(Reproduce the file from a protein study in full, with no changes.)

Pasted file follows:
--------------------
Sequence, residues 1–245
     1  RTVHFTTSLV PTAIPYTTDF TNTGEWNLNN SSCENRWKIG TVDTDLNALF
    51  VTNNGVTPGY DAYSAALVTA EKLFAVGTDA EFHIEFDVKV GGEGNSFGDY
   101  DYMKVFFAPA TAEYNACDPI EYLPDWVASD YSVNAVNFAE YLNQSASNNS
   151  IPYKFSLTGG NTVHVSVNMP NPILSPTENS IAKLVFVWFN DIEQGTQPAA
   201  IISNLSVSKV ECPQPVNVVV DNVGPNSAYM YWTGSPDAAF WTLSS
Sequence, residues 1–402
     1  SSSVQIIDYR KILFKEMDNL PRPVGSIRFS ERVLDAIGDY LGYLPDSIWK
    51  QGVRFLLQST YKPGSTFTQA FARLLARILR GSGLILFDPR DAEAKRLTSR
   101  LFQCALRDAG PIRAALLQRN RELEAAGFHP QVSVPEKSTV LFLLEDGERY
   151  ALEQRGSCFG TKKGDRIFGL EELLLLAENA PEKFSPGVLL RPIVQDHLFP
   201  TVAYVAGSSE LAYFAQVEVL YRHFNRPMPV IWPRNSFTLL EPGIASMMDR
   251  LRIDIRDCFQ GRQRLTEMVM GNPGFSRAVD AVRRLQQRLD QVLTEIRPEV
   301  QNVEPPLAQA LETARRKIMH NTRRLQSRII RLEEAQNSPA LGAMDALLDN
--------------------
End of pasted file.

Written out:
Sequence, residues 1–245
     1  RTVHFTTSLV PTAIPYTTDF TNTGEWNLNN SSCENRWKIG TVDTDLNALF
    51  VTNNGVTPGY DAYSAALVTA EKLFAVGTDA EFHIEFDVKV GGEGNSFGDY
   101  DYMKVFFAPA TAEYNACDPI EYLPDWVASD YSVNAVNFAE YLNQSASNNS
   151  IPYKFSLTGG NTVHVSVNMP NPILSPTENS IAKLVFVWFN DIEQGTQPAA
   201  IISNLSVSKV ECPQPVNVVV DNVGPNSAYM YWTGSPDAAF WTLSS
Sequence, residues 1–402
     1  SSSVQIIDYR KILFKEMDNL PRPVGSIRFS ERVLDAIGDY LGYLPDSIWK
    51  QGVRFLLQST YKPGSTFTQA FARLLARILR GSGLILFDPR DAEAKRLTSR
   101  LFQCALRDAG PIRAALLQRN RELEAAGFHP QVSVPEKSTV LFLLEDGERY
   151  ALEQRGSCFG TKKGDRIFGL EELLLLAENA PEKFSPGVLL RPIVQDHLFP
   201  TVAYVAGSSE LAYFAQVEVL YRHFNRPMPV IWPRNSFTLL EPGIASMMDR
   251  LRIDIRDCFQ GRQRLTEMVM GNPGFSRAVD AVRRLQQRLD QVLTEIRPEV
   301  QNVEPPLAQA LETARRKIMH NTRRLQSRII RLEEAQNSPA LGAMDALLDN